ERIC MADER: I did reply to the content of the interview. Your judgment as to what is ideological does not provide a neutral ground for discussion. I'll very reluctantly remove my remarks about Sam Harris, since you consider them ad hominem, and repost my original reply, which you just deleted, as follows: [Here I reposted my comments, without the remarks on Harris]
JOHN POCH: Dear Gabe, It certainly doesn't take a Christian to look at the world and see that the governments who reject Jesus' most ardent principles are the ones who, by far, murdered the most people. If you think Jesus (the Prince of Peace) message in any way would "advocate" millions of murders, you haven't read His words. People certainly misinterpret words and facts, as you do in your argument against Jesus. You say "fascism happily coexisted with Catholicism". Happily? You believe that? The totalitarian movements you unwittingly defend are most certainly a rejection of Jesus' teachings and his life. Speaking of fairy tales...if you think people are evolving (better) morally, then you have based your thinking on a narrowly chosen set of data (SEE Pinker/Harris) based on one false assumption--religion is at fault for the bad stuff and science gets the credit for the good! But what should it matter to those who take science's natural selection as THE WAY? Honestly. I can't believe you are still in denial about what atheists did in the last century. You can pick whatever proportions you want, but atheism has a bloody and disgusting RECENT history. Hopefully Sam Harris can change that with his new brand of it. Christianity admits to a fallen world that is humanity's fault as a result of our bad choices. You could try to pin it on God, but if He doesn't exist, you end up with us Christians to blame. The truth is: it's our own fault. All of us. Of course, you have to keep up your wishful thinking that it's only the religious who are at fault. Yet we have a Redeemer who can wash it away. White as snow. Gabe, you get your ideas about religious people from Time Magazine or Atheist blogs or Daytime TV or some weird notion in your head. I will remind you of the Salvation Army's motto: "Doing the Most Good" as a parting thought. Atheists don't show up en masse to help those afflicted by natural disasters. Christians do. Come, let us reason, sayeth the Lord. --Isaiah
ASHLEY CAPPS (poet and Gabriel Gudding's wife): "It certainly doesn't take a Christian to look at the world and see that the governments who reject Jesus' most ardent principles are the ones who, by far, murdered the most people." But the point is that those "murderers of the most people" weren't acting as agents of atheism, or as explicit rejecters of Jesus, any more than they were acting as rejecters of aliens or rejecters of astrology--their atheism, where it was in fact atheism, was irrelevant to their agendas, and where they rejected mercy, kindness, fairness, and humanity, they were *not* rejecting "Jesus's most ardent principles"--compassion and goodness do not come from or belong to Jesus! So to point to despotic movements in which the leaders were not acting on explicitly religious ideas, and call those "atheist movements", and then compare the atrocities of your so-called "atheist, Jesus-rejecting" movements and the atrocities of Christians, in order to say, "atheists have done and do more harm than Christians" just seems like willful obfuscation, an incorrect conflation that produces false dichotomies.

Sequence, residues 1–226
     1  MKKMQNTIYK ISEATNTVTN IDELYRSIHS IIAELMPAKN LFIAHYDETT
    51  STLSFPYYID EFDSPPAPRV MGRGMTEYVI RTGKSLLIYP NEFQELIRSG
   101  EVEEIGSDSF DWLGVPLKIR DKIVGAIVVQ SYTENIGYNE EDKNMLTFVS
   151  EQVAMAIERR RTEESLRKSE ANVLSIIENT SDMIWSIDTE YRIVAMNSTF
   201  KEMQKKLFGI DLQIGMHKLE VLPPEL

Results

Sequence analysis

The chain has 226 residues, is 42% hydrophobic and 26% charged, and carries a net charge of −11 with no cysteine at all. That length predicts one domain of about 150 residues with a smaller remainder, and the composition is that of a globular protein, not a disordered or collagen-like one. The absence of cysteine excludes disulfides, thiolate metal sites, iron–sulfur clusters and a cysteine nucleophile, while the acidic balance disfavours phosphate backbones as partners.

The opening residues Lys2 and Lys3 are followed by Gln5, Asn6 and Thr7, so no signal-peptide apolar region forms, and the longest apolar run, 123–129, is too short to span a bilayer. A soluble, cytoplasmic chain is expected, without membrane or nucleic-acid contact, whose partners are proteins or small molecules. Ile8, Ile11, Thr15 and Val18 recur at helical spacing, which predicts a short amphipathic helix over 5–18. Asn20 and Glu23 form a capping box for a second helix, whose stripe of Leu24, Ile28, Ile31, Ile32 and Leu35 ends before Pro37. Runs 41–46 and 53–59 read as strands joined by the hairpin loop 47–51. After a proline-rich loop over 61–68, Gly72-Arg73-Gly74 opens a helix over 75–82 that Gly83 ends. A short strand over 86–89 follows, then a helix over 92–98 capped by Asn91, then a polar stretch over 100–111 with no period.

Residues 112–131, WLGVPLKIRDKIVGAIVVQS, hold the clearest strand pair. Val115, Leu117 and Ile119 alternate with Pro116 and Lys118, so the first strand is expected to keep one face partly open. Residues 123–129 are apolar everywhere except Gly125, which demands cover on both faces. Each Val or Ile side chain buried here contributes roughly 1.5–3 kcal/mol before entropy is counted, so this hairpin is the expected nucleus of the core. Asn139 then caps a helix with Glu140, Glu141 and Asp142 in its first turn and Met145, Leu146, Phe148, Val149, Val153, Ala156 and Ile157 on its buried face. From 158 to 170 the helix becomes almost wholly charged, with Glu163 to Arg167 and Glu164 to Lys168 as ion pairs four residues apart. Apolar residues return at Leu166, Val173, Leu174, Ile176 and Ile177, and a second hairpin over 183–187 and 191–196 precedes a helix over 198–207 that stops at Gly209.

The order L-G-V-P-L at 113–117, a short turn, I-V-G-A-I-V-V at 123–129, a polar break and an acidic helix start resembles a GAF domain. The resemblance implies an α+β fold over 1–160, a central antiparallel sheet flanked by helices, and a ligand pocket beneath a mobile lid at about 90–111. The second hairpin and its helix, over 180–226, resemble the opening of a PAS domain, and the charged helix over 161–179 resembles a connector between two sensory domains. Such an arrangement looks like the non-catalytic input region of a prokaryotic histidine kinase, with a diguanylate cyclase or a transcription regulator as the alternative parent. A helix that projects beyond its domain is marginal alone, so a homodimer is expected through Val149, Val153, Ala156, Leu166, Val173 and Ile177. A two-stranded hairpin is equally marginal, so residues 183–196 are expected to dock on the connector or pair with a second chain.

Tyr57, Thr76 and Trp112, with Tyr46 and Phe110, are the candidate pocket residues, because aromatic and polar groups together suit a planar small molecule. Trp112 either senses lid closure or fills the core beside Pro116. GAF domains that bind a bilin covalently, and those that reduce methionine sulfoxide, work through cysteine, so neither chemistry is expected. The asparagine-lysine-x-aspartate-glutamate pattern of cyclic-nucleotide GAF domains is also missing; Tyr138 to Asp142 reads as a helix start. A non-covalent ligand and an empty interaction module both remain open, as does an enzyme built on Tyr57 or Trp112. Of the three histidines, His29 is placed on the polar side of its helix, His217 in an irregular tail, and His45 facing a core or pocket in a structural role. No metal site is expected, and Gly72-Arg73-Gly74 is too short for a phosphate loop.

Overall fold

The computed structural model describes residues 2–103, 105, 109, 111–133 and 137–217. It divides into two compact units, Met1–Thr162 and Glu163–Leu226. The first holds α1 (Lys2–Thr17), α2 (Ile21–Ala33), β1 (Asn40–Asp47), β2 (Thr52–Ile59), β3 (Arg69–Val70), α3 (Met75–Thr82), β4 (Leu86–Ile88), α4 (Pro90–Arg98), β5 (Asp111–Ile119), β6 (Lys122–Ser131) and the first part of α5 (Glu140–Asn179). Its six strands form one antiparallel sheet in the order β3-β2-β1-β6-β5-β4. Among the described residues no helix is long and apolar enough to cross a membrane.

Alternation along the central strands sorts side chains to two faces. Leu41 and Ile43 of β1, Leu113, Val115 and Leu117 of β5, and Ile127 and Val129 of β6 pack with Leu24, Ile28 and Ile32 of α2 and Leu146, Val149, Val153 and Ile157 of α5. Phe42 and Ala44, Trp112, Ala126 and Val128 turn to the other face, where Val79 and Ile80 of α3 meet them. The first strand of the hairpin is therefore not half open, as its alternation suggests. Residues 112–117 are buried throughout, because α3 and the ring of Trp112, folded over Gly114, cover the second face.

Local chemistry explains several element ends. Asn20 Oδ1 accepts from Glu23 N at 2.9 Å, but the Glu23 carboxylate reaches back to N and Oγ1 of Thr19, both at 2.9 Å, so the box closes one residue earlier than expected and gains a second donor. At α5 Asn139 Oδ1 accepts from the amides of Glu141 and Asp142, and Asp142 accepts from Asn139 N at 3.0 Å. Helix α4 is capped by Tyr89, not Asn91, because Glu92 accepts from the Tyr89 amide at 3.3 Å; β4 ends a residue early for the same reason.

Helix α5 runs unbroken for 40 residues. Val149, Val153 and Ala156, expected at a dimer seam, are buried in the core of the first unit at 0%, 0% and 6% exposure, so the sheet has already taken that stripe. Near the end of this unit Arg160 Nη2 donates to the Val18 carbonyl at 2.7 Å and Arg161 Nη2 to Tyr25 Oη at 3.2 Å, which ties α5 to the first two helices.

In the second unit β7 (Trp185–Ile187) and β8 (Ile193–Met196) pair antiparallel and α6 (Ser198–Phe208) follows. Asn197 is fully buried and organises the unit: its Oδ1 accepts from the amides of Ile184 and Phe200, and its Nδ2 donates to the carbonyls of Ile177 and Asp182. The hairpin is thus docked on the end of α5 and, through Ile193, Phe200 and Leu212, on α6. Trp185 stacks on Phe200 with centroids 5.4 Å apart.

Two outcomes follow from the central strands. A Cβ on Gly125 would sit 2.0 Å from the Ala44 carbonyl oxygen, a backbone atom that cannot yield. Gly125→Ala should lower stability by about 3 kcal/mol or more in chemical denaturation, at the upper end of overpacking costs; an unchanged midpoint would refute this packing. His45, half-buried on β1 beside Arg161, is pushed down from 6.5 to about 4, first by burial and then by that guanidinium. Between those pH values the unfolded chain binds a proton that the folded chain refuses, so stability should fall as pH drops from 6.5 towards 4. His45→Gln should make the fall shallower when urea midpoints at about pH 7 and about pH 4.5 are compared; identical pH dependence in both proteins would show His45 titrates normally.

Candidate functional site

ASHLEY CAPPS: "Atheists don't show up en masse to help those afflicted by natural disasters." ?? Really? How could you know this? No one would know, actually, because when atheists show up to help, they aren't out there advertising their goodwill as representative of some sort of divine virtue deriving from divine superpowers. They don't show up as ambassadors of atheism. But they do show up, and I would challenge anyone to prove that atheists don't show up en masse. Most of the atheists I know are active volunteers on behalf of the welfare of both humans and animals, and the daily disasters that beset them.
GABRIEL GUDDING: Thanks to both John and Eric for replying. I am fascinated by christian and other theological reactions to actual data, having seen what these delusions do to people. So, a response to Eric, leaving off John's reply for now. Eric, you say: "The liberal democracies...developed out of the West's Judeo-Christian culture that liberal democracies." My response: this is just factually wrong. Wikipedia link: origins of liberal democracy
JOHN POCH: Hi Ashley, I believe that compassion and goodness actually do come from and belong to Jesus, who is God and Creator, and from whom comes the world, good. I partly agree with you that the despotic movements did not act on explicitly religious ideas, as these movements and political institutions were devoid of true religion which has at its heart the idea of human life as sacred and are therefore much more open to perpetrating atrocities. But I wonder if it hasn't been shown that many believers have been and continue to be imprisoned, tortured, and murdered for their faith in communist countries.
GABRIEL GUDDING: Thank you, John, for your fascinating replies. Where Eric's response was mostly factually incorrect, you are claiming the universe was created by an omnipotent celestial hominid who is your personal protector -- an ape who has consigned billions of other apes to eternal suffering. Thank you for sharing these notions here.
GABRIEL GUDDING: From a co-founder of a liberal democracy who apparently didn't get Eric's memo about liberal democracies being Judeo-Christian: "And the day will come, when the mystical generation of Jesus, by the Supreme Being as His Father, in the womb of a virgin, will be classed with the fable of the generation of Minerva, in the brain of Jupiter."
ERIC MADER: As for Jefferson's line about the virgin birth, I've quoted it myself when debating dominionist Christians who try to paint the Founders as Christian. Most of the Founders, I know, were deists, or in any event showed very little commitment to Christianity in its strict orthodox version.